On the second day of Rosh Hashana, KB does not hold services, and I join Rabbi Jack and Bruria at Chabad for another warm welcome. I am surprised to find a few of my new acquaintances from KB now here at Chabad. Dividing your “Jewish time” between the two very different congregations is not uncommon, I am told. In Beijing, the two communities collaborate, especially when it comes to the local Sunday school.
In between Rosh Hashana and Yom Kippur, school starts, and I meet my new students, as well as sprinkle in another couple of outings. I witness the locals dancing, playing games and singing, individually and in large groups, in their historical, beautifully preserved parks, taking advantage of the still nice weather and the unusually low pollution levels.
The Saturday between Rosh Hashana and Yom Kippur is a musical Shabbat at KB. The service is accompanied by a group comprised of members of the congregation and of Moishe House, with their instruments. Moishe House in Beijing seems to be very active, their events include dinners, movie nights, cultural discussions, speakers, holiday celebrations and community service events. They are also central in the preparations for Limmud and host its organizing meeting.
Yom Kippur I spend again with KB, starting with the meal before the fast and ending with the break fast, but for the first night of Sukkot, I head again to Chabad to sit in the sukka. This evening is busy. On top on their usual varied crowd, they are hosting a group of Chabad followers from New York, a tour organized by the Beijing rabbi as a fundraiser for the local day school, Gannenu. As erev Sukkot coincides this year with the Chinese Mid-
Autumn (Moon) Festival, the sukka, which usually would not be decorated, after the Chabad custom, now has bright, red Chinese lanterns hanging from its schach (covering), and traditional (kosher) moon cakes are served for dessert in small, red paper bags.
Barely three weeks and so much to remember already, with the Jewish aspects only being a part of my experiences so far, albeit a significant part. And there are nine more months to go. For the first time in my life, I have started writing a diary, lest I forget.
Rahel Halabeteaches biblical and modern Hebrew in Vancouver and, this year, in Beijing. She is the author of Hinneh: Biblical Hebrew the Practical Way, and a translator of Arabic literature into Hebrew.
A senior delegation from Shengjing visits JVP in Jerusalem. (photo by Yael Rivkind, JVP, via israel21c.org)
Fiona Darmon, a partner at JVP, one of Israel’s most successful venture capital funds, was recently in China at a meeting with a large investor. She sat in his office for more than an hour, chatting with him about everything but business. Only then, she said, did he nod to his subordinates, and Darmon was taken into another room, where the business discussions began.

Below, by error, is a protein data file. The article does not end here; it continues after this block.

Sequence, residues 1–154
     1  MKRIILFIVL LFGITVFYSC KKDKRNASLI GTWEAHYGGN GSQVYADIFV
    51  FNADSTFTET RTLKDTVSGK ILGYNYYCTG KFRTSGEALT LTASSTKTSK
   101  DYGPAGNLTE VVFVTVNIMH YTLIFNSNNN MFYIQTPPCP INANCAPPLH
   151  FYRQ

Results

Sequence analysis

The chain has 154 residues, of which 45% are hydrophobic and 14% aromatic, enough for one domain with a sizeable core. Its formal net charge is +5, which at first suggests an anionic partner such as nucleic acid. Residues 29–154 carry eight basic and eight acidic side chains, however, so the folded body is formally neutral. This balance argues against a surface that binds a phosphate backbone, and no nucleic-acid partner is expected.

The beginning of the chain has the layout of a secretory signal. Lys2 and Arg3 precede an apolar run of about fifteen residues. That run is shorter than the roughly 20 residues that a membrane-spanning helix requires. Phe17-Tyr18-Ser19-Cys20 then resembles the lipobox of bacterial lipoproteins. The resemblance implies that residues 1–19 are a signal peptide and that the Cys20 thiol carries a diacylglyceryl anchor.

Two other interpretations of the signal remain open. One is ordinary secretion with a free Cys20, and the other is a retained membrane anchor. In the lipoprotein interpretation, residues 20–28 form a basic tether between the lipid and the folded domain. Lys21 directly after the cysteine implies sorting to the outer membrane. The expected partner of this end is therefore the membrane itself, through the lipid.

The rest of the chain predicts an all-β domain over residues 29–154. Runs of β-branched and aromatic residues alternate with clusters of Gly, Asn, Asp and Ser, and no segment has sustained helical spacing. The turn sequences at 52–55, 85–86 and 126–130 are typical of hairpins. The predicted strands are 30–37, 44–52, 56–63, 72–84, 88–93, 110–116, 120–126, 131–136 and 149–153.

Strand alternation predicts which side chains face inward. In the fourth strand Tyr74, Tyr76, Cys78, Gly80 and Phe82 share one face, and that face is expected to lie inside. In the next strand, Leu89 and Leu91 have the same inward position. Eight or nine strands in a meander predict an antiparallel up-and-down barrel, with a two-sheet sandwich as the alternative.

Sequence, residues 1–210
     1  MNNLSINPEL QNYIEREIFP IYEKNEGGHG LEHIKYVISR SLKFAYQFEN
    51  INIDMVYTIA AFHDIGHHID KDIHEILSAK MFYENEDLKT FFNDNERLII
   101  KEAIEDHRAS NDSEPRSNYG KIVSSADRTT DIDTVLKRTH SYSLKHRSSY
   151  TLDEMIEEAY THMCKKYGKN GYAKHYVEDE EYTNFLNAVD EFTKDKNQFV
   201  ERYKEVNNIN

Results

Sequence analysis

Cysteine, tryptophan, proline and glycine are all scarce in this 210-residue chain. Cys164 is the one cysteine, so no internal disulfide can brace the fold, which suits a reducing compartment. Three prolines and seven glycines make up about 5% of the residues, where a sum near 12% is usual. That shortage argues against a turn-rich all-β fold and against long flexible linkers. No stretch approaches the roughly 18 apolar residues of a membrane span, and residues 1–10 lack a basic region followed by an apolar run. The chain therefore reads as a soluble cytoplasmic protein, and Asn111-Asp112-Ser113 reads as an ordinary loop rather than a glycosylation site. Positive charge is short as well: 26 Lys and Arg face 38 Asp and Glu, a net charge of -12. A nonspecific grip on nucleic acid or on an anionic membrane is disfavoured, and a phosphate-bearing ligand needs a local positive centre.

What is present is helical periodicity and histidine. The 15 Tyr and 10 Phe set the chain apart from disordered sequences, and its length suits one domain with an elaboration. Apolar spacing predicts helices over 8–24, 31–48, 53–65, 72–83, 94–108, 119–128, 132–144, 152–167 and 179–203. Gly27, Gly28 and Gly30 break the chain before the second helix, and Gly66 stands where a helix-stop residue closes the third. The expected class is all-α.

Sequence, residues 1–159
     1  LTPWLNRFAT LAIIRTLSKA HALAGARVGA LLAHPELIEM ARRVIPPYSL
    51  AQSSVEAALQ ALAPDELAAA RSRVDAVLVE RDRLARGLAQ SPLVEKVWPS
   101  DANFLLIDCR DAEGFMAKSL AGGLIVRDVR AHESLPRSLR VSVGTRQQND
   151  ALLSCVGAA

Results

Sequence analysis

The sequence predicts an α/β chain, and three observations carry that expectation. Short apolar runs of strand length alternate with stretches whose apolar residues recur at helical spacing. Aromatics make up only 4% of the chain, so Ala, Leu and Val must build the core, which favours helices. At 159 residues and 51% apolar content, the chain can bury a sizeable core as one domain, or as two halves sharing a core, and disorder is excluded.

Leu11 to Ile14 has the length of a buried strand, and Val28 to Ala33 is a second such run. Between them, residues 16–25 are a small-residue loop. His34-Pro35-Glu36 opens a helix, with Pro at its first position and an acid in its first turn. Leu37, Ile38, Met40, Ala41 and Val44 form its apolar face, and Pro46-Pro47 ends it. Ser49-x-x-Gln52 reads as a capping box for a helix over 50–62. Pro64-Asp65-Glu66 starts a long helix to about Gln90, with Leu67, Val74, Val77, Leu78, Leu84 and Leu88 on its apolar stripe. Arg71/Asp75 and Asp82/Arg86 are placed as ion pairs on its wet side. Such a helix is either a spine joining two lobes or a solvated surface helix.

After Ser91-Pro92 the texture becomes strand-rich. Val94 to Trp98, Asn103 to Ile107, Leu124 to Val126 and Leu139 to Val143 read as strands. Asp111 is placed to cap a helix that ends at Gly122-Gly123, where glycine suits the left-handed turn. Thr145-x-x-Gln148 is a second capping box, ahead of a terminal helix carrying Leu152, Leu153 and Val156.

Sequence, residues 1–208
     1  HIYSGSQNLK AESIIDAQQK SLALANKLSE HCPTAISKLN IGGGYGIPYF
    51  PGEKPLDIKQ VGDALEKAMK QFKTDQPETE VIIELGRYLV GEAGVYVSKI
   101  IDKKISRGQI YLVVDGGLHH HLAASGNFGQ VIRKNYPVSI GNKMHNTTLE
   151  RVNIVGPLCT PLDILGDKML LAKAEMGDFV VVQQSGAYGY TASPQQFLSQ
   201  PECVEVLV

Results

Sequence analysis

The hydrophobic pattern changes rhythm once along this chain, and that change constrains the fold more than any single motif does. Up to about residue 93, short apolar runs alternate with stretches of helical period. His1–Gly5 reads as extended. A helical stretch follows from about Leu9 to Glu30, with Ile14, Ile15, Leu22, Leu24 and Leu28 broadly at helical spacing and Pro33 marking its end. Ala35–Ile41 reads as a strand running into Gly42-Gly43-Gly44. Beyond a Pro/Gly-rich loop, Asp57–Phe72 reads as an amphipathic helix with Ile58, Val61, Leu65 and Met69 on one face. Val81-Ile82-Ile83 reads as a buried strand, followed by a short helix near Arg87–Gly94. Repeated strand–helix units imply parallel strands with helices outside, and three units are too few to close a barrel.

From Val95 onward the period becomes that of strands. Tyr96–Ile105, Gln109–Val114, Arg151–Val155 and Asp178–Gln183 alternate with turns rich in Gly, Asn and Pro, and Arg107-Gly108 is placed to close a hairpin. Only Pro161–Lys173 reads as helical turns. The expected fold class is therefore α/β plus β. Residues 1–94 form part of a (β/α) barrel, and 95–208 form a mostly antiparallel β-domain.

“The mindset in China is that if we’re going to do business and I’m going to entrust you with my capital, let’s see if we have a personal rapport before I even move to the next step,” Darmon told this reporter. “It’s about you as a person, first.”
Israelis are not known for their patience, and that can be a challenge, said Ilan Maor, a managing director of Sheng-BDO (Business Development Organization) and a former Israeli consul in China. Yet economic ties are “booming,” he said.
“The most important aspects of the commercial cooperation are gradually moving from buying and selling toward the main pillars of the future of technology and investment,” Maor explained. “China is taking its place gradually as a strategic player in the Israeli market.”
As an example, the Chinese company Bright Star is on the verge of buying a majority stake in Tnuva, Israel’s iconic dairy company. The company is so central to Israel’s image of itself that, on leaving Israel, the last thing you see on the way to duty free is the logo of Tnuva’s cottage cheese container made out of flowers. If the sale goes through as expected, China and Israel’s kibbutz cooperative movement will share ownership of the dairy company.
More and more Chinese business people are visiting Israel looking to invest and to learn from Israel’s entrepreneurs.
“Israel is not only the ‘startup nation,’ it is also the ‘innovation nation,’” said Xueling Cao, director of the Shengjing Group, who was in Israel when she spoke with this reporter. “China is a huge consumer market and Israel is a huge source of innovation and technology, and we can match the two together.”